Two more reasons to quit smoking.  On a side note, my grandmother said quitting smoking was the easiest thing that she ever did.  So easy, she did it a thousand times.

Additional references:

  • -Gastroenterolgy 2005; 129: 1825-31.  1.6% incidence of BE in adult Swedish population. Alcohol & smoking increase risk.
  • -NEJM 2011; 365: 1222. Treating smokers -useful review.
  • -NEJM 2011; 365: 1193. Cytisine -inexpensive- helps with smoking cessation (8.4% success vs 2.4%in placebo)
  • -NEJM 2008 358; 2249. Smoking and role of social networks.
  • -Gastroenterology 2011; 141: 2000. Lower risk of Barrett’s in pts taking NSAIDs & statins. n=570.
  • -Gastroenterology 2011; 141: 1179. Lower risk of Barrett’s in pts with low-grade dysplasia than previously noted -similar to non-dysplastic Barrett’s.
  • -NEJM 2011; 365: 1375. Large Danish study, n=11028. Lower incidence of Barrett’s than previous estimates. Relative risk of 11.3 compared to general population for adenoca of Esophagus with absolute annual risk of 0.12%. Barrett’s patients have the same life expectancy as general population (ed. pg 1437). Detecting cancer only ~1 in 1460 scopes with screening whereas Barrett’s detected in 10% of pts.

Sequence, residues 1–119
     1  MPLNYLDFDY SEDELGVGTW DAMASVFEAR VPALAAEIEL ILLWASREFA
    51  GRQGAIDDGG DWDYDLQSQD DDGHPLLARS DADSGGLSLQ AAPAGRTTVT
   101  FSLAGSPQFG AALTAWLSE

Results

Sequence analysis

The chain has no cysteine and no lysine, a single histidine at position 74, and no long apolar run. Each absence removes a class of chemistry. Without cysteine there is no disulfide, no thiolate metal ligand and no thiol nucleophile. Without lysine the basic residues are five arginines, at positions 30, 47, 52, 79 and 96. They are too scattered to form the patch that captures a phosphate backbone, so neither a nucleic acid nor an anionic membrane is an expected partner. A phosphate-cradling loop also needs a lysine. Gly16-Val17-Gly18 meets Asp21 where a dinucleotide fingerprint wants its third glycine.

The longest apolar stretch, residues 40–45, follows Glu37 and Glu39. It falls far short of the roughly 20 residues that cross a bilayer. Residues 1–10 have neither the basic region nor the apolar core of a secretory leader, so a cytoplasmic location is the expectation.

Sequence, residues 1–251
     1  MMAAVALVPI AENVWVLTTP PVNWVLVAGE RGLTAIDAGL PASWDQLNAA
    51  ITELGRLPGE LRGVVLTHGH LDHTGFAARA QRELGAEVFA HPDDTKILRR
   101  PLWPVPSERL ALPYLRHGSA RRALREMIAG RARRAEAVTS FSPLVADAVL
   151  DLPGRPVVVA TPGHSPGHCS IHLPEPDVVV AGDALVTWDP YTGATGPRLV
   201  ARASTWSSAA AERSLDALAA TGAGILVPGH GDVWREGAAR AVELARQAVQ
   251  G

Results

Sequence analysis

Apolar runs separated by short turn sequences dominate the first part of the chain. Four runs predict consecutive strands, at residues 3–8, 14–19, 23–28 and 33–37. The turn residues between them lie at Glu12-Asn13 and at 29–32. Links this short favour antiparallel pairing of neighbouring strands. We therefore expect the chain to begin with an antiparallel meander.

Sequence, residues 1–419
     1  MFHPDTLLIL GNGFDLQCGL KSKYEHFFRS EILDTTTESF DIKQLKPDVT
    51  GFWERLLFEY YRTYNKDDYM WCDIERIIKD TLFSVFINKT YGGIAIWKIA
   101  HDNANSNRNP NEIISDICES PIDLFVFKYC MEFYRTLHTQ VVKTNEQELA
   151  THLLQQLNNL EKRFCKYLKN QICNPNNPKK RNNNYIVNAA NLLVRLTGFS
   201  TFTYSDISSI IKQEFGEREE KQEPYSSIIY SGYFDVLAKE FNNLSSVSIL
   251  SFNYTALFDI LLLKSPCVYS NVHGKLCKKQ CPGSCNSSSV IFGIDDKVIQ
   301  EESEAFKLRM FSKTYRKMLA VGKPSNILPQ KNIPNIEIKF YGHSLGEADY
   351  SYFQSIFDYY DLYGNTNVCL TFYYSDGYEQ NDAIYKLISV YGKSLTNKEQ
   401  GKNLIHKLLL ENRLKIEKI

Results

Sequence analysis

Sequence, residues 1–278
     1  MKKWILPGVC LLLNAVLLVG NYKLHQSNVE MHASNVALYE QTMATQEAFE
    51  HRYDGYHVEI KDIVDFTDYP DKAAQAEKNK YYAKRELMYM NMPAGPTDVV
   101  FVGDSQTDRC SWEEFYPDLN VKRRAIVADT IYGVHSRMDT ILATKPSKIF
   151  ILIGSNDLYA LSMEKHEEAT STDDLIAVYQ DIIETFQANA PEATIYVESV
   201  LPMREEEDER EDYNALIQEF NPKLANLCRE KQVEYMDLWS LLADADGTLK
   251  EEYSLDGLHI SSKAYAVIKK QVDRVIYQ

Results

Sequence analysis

• -Gastroenterology 2011; 140: 1084. AGA statement on Barrett’s . Recs screening only in those with multiple risk factors (age 50, male, chronic GERD, white, incr BMI)
  • -NEJM 2005; 352: 1851. Cases of Lynch can be missed when following screening guidelines.
  • -Gastroenterology 2010; 138: 207-2177 (entire issue) Colon cancer, Lynch syndrome
  • -Gastroenterology 2008; 135: 380.  Review of colon cancer screening and prevention -2008 up-to-date- literature review
  • -Gastroenterology 1967; 53: 517-27.  Seminal article.  Lynch HT showed gene-related cancer in family cancer syndrome -different than polyposis syndromes.